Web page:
In the midst of the earthquake shaking the Swiss financial sector, a new report by Reclaim Finance highlights the failure of Swiss financial institutions to align their support to the energy sector with the need to address the climate crisis. With UBS agreeing to take over Credit Suisse, a new European fossil fuel financing giant looks likely to emerge. Together, UBS and Credit Suisse enter the top 20 of biggest banks and top 10 of largest asset managers. Report authors Reclaim Finance, BreakFree Switzerland, Greenpeace Switzerland, Alliance Climatique Suisse, Campax, Fossil Free and Grève du Climat urge Swiss regulators, who flew to Credit Suisse’s rescue, to ensure their financial institutions take immediate action against fossil fuel expansion.
The report finds that the major Swiss financial institutions – UBS, Credit Suisse, Swiss Life AM, Zurich and Pictet – lack robust climate policies. As a result, they continue to channel billions of dollars to the companies developing new coal, oil and gas supply projects, without almost any restrictions.
This continued support through loans and bonds to fossil fuel developers, without any conditions on ending their expansion strategies, flies in the face of expert climate advice. Research from both the Intergovernmental Panel on Climate Change (IPCC) and the International Energy Agency (IEA) show that there is no room for new coal, oil and gas supply projects if we are to limit global warming to 1.5 degrees.
“The causes of Credit Suisse’s collapse are to be found in its culture of profit at any price and short-term vision, supported by some of its main shareholders, the Saudi Arabia & Qatar state oil and gas companies. It demonstrates the fundamental failure of the regulatory authorities who unconditionally bailed out the bank with public money for the UBS buyback operation. Regaining control over such a titan of finance through strict regulation is now key to face the climate chaos risk.”
Morgane Nusbaumer from BreakFree Suisse
The report shows that between April 2021 and August 2022 UBS and Credit Suisse provided at least US$8 billion in loans and underwriting to companies developing new coal projects and new oil and gas supply and midstream projects. UBS and Credit Suisse’s asset management branches held at least US$19 billion of investments in these companies, as of September 2022 . Report authors note that, by buying Credit Suisse, UBS is taking over US$6 billion of banking deals, including those with Qatar Energy and ConocoPhillips. Through this transaction, which also includes the asset management arm of Credit Suisse, UBS’s exposure to fossil fuel developers will increase by more than US$8 billion.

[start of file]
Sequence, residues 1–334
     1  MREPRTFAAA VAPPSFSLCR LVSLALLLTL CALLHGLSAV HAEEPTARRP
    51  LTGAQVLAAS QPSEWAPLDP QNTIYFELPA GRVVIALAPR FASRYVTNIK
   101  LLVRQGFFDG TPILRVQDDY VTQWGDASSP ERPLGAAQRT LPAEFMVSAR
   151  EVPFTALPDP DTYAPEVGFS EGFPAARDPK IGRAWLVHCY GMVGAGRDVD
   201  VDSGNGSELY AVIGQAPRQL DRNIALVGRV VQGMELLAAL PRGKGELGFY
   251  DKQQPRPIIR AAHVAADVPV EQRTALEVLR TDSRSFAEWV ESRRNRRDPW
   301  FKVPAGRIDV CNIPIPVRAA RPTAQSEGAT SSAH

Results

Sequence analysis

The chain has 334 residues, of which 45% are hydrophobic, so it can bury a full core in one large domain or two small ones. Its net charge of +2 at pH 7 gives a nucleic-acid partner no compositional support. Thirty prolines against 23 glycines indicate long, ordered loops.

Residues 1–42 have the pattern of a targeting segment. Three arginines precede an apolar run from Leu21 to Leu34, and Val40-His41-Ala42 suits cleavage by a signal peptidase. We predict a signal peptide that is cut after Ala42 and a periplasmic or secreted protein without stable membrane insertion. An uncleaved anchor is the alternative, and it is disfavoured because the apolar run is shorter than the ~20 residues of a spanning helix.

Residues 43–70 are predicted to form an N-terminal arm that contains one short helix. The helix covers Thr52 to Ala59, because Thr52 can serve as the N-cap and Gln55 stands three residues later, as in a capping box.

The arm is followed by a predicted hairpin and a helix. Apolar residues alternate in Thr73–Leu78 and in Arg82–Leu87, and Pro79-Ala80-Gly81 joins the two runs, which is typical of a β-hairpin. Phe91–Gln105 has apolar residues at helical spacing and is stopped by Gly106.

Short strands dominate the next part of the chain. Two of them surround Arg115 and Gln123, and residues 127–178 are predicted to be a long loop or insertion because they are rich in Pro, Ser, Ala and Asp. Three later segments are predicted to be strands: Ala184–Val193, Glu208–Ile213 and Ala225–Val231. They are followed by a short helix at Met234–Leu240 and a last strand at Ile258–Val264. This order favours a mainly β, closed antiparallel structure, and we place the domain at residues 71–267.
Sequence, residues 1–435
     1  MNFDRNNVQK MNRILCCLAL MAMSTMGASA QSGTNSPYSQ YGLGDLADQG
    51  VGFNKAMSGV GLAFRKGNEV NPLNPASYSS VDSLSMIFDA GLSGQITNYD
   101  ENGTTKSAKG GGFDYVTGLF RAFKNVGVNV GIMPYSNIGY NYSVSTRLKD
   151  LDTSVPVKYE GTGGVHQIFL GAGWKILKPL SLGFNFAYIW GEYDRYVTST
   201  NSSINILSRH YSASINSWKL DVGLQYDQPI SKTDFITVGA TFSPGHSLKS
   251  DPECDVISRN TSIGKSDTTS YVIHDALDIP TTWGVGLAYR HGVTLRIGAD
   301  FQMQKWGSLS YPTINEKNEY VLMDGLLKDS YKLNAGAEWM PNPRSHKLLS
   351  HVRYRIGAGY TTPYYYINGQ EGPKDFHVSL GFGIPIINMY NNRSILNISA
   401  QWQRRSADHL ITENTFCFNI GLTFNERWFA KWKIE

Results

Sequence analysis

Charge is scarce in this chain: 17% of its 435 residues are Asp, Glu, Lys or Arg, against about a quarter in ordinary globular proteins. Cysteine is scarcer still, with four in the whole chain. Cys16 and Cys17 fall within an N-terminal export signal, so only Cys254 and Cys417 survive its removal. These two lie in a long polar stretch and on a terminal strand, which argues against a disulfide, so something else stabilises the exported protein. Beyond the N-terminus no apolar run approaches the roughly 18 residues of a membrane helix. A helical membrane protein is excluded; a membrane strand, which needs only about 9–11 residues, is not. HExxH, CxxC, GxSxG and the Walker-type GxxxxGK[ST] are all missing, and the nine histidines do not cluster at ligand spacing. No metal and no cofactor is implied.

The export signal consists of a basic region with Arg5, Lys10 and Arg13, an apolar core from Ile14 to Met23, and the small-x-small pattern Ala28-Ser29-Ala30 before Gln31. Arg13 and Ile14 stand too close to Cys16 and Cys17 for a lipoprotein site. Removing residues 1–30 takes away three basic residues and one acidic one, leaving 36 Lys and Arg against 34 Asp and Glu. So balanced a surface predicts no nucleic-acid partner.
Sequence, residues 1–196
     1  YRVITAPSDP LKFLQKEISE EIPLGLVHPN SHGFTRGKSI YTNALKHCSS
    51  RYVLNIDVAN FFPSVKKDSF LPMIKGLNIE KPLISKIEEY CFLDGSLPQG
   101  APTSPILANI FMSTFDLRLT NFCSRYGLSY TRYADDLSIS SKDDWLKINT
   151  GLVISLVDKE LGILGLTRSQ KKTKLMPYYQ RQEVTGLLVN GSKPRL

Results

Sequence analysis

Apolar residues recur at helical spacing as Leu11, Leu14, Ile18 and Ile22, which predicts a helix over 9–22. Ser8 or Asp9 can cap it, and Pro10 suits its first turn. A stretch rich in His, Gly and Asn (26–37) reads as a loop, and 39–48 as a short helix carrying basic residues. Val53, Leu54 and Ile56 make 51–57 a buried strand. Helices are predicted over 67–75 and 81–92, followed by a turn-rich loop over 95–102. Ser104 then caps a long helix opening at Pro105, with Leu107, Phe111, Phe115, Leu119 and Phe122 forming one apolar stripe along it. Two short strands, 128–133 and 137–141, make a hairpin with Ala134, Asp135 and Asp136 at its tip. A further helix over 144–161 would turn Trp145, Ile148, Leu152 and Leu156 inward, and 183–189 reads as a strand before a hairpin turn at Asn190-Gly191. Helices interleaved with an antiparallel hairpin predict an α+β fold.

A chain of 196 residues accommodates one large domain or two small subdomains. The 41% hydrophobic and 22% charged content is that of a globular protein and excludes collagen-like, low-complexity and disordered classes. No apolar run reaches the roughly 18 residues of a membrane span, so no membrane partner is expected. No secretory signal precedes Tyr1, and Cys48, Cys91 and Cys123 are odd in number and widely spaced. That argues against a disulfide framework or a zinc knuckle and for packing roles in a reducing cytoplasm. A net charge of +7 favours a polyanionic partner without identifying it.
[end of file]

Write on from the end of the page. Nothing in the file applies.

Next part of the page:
The report reveals the prevalence of ad’hoc decisions over systematic climate-related measures, which leads to inconsistencies and a lack of clarity in their relationship with fossil fuel expansionists. For example, Pictet, UBS AM and Credit Suisse AM voted in 2022 against the re-election of the Glencore chair, but continue to provide new capital to Glencore. Report authors point out that by failing to effectively engage with companies expanding fossil fuels, these financial groups contribute to increasing climate and financial risks.
“UBS is now one of Europe’s biggest banks and asset managers, and one of the biggest global supporters of fossil fuel development. The critical question is whether the new fossil fuel finance giant will change course and end its support for fossil fuel expansion. Swiss finance needs to stop bankrolling coal developers like Glencore and the Adani Group – and regulators must ensure that any future rescue using public money is conditional on curbing financial flows to climate wreckers.”
Lara Cuvelier, Sustainable Investments campaigner at Reclaim Finance
“With the acquisition of Credit Suisse, UBS is also acquiring the responsibility for Credit Suisse’s financing of companies that are causing significant damage to the climate. This means UBS is becoming a de facto systemically important bank for the climate. The report reveals that the climate guidelines of the investigated Swiss banks are insufficient to prevent them from continuing to support the expansion of fossil fuel production. This is incompatible with the banks’ climate goals. Switzerland is already increasingly suffering the consequences of the climate crisis. It is high time that Swiss banks and asset managers adapt their guidelines to their climate goals. They must withdraw support from companies involved in the expansion of oil and gas production.”
Niki Vischer, Technical Expert for Sustainable Finance at Greenpeace Switzerland
Reclaim Finance urges Swiss financial institutions to adopt measures against fossil fuel expansion, in order to stop supporting coal, withdraw support from companies expanding oil and gas production and adopt robust engagement policies. They also call on Swiss regulators to condition any future support for financial institutions to the adoption of such measures.